Deputy Sean Fleming: Information on Seán Fleming  Zoom on Seán Fleming  Deputy Joan Burton did.

Deputy Brendan Howlin: Information on Brendan Howlin  Zoom on Brendan Howlin  I was anxious this architecture would come about because of the analysis we had done in advance of the general election that required, if genuine reform was to be achieved, a Cabinet Minister with access to the expenditure line. We were advised by the best authorities who had carried out significant public sector reform abroad that this was the model to replicate. I had meetings with the head of the civil service in New Zealand, which is undergoing public sector reform, when he was visiting here to learn from us. I told him we had only been doing this for 100 days and he replied that we have good ideas. I want to learn from New Zealand in return and I have asked them to send back ideas arising from their reform process. This structure will work.

For the avoidance of legal doubt, we said that where a function might arise in the future that cannot be envisaged at present, and that is presumed to be a matter for the Minister for Finance or the Minister with responsibility for public expenditure, it is deemed to be legal. It important because there might be Exchequer requirements for such a belt and braces approach to ensure the State is not exposed to any cost.

It is a limited provision, applying only to the general description in section 7(1) relating to public service matters and section 7(4) relating to a broad range of functions transferred for bodies under the aegis of the proposed Department of public expenditure and reform. If something new arises and there is a lack of clarity over whether it should be a matter for the Minister for Finance or the Minister with responsibility for public expenditure, there must be a mechanism to determine it lawfully, legally and quickly, which is that it should be determined by the Taoiseach, as we have allowed for here.

There was a question about the Financial Services Ombudsman Council. It has seven members appointed for five years. They are representatives of industry, academia and the money advice and budgeting service. It is chaired by Mr. Jewell of the Consumers Association of Ireland. Its role is to ensure the efficiency and effectiveness of the Financial Services Ombudsman, to advise the Minister on matters relevant to the operation by the board of the scheme, and to prescribe guidelines under which the ombudsman operates.

We will have an interesting time in future going through all these functions to see if they are justified. We must ensure every agency established in the past ten or more years has an enduring function and cannot merge or disappear with causing damage to the operation of the State.

Deputy Sean Fleming: Information on Seán Fleming  Zoom on Seán Fleming  I hope the possible confusion never arises. That will be the best test of the legislation. Will there be a board of seven people? Apart from being paid to sit on the board, do they have superannuation rights? Is that why it is being included in this section? When people are appointed to a board for a term, they are paid, but do they also accumulate pension entitlements when they are no longer board members for a position that may involve attending meetings once a month? That is worth looking at.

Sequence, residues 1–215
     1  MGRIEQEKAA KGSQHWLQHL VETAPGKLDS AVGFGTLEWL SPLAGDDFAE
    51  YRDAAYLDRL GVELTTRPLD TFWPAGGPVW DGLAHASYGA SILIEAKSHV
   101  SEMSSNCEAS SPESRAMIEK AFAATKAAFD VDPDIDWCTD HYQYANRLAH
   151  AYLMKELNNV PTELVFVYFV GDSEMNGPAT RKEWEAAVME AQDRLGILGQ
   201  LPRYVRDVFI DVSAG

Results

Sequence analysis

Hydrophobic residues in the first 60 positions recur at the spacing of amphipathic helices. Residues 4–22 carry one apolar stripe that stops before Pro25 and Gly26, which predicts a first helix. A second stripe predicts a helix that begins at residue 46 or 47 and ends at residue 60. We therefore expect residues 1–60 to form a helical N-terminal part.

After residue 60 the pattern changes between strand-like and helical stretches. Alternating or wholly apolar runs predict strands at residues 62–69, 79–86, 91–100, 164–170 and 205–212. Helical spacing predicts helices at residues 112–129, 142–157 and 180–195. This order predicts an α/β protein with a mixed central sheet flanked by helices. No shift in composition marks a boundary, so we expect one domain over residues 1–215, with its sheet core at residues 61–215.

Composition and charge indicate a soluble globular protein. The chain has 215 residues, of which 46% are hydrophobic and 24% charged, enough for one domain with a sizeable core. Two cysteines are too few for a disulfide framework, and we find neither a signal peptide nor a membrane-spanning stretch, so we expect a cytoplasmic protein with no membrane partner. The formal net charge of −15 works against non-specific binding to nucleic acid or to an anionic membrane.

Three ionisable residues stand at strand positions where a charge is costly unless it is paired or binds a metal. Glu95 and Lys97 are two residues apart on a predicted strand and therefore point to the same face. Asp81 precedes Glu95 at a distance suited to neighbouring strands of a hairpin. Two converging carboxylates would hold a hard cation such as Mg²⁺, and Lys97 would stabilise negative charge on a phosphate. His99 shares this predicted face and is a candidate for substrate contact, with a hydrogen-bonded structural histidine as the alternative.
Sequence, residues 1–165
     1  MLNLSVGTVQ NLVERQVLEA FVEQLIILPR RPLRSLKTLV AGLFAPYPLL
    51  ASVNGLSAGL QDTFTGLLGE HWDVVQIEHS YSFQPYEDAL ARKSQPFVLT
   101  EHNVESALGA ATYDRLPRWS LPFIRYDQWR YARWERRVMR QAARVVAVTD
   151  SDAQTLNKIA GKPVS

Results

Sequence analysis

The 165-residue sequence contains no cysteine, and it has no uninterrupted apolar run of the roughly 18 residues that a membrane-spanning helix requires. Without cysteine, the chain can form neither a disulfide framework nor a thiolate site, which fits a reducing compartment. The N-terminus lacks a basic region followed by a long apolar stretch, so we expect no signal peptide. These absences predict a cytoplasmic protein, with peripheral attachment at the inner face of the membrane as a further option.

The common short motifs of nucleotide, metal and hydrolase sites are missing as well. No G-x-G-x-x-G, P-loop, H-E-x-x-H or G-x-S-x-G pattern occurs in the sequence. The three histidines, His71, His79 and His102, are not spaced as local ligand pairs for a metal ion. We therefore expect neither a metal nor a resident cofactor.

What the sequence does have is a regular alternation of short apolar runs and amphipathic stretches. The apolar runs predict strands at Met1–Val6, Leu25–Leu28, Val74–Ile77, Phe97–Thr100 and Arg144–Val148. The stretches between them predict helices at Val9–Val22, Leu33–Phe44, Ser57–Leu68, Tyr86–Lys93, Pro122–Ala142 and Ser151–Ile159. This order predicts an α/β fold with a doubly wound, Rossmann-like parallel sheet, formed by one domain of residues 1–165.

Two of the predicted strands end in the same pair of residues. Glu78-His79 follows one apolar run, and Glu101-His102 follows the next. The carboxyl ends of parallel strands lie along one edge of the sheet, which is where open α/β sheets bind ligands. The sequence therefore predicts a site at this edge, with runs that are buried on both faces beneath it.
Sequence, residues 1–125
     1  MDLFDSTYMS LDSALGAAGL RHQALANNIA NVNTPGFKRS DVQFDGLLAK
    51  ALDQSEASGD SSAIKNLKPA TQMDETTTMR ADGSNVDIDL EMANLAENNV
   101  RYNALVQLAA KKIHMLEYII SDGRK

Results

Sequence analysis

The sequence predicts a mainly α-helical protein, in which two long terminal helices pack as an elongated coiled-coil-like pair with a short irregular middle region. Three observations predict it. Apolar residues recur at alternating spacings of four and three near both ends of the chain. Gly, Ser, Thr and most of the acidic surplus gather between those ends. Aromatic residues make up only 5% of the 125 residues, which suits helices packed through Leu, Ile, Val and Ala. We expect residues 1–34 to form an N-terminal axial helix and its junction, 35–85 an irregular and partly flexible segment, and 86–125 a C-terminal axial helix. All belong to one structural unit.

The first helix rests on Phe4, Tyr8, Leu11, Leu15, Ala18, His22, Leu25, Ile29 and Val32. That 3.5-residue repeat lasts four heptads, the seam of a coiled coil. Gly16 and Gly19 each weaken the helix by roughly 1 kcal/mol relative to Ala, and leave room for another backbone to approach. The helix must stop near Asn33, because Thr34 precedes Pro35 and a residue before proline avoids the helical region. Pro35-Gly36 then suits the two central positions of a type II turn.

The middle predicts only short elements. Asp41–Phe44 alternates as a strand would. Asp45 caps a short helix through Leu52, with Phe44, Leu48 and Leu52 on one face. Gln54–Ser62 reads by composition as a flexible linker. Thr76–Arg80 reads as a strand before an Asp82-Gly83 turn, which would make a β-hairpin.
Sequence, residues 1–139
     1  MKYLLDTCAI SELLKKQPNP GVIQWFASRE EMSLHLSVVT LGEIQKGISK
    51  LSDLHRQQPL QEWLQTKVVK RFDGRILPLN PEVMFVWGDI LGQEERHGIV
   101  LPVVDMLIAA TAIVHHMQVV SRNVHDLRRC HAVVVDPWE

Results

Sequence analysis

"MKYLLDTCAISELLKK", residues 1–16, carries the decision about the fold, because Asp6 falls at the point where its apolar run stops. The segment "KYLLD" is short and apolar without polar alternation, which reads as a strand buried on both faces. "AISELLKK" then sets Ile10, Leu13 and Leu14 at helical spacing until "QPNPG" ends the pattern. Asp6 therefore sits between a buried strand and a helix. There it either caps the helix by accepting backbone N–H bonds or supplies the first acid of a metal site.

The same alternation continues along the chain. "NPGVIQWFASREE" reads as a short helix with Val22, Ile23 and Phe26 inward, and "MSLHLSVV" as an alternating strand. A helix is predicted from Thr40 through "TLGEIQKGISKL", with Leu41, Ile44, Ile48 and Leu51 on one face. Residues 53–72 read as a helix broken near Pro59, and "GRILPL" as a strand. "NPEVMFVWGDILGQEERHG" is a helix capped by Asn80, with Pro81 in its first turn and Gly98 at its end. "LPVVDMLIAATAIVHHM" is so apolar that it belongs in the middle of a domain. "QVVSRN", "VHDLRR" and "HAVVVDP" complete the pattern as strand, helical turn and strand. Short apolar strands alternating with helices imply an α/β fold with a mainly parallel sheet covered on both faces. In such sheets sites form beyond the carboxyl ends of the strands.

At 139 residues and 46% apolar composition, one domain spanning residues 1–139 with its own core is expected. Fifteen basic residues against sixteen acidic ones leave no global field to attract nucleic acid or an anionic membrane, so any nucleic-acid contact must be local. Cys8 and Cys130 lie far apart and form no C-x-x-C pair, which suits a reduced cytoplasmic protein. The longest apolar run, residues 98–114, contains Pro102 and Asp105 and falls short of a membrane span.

Deputy Brendan Howlin: Information on Brendan Howlin  Zoom on Brendan Howlin  The Deputy makes a valid point. We must examine all these organisations. I was looking at the full functioning of the council and it has an important function. [518] It appoints the Financial Services Ombudsman and his deputy. We will look at that in due course when the committee is up and running to see what each of the bodies created in the past does, if it is still fit purpose, whether there are economies we can make or mergers we can operate or whether the body can be subsumed back into a Department. There was a tendency in the last decade, whenever a function appeared on the horizon, to create a new agency to carry it out.

Amendment agreed to

Deputy Brendan Howlin: Information on Brendan Howlin  Zoom on Brendan Howlin  I move amendment No. 33:

Amendment agreed to.

Deputy Brendan Howlin: Information on Brendan Howlin  Zoom on Brendan Howlin  I move amendment No. 34:

Amendment agreed to.

Section 20 agreed to.

Deputy Brendan Howlin: Information on Brendan Howlin  Zoom on Brendan Howlin  I move amendment No. 35:

In page 13, before section 21, to insert the following new section:

[519]

Amendment agreed to.

Deputy Brendan Howlin: Information on Brendan Howlin  Zoom on Brendan Howlin  I move amendment No. 36:

Amendment agreed to.

Deputy Brendan Howlin: Information on Brendan Howlin  Zoom on Brendan Howlin  I move amendment No. 37:

Amendment agreed to.

Deputy Brendan Howlin: Information on Brendan Howlin  Zoom on Brendan Howlin  I move amendment No. 38:

Amendment agreed to.

Deputy Brendan Howlin: Information on Brendan Howlin  Zoom on Brendan Howlin  I move amendment No. 39:

[520]Amendment agreed to.

Deputy Brendan Howlin: Information on Brendan Howlin  Zoom on Brendan Howlin  I move amendment No. 40:

Amendment agreed to.

Deputy Brendan Howlin: Information on Brendan Howlin  Zoom on Brendan Howlin  I move amendment No. 41:

Amendment agreed to.

Acting Chairman (Deputy Jack Wall): Information on Jack Wall  Zoom on Jack Wall  Amendments Nos. 42, 44, 46 to 48, inclusive, 50, 79, 80, 86, 88, 93, 101, 105 to 108, inclusive, and 110 to 127, inclusive, are related and will be taken together by agreement.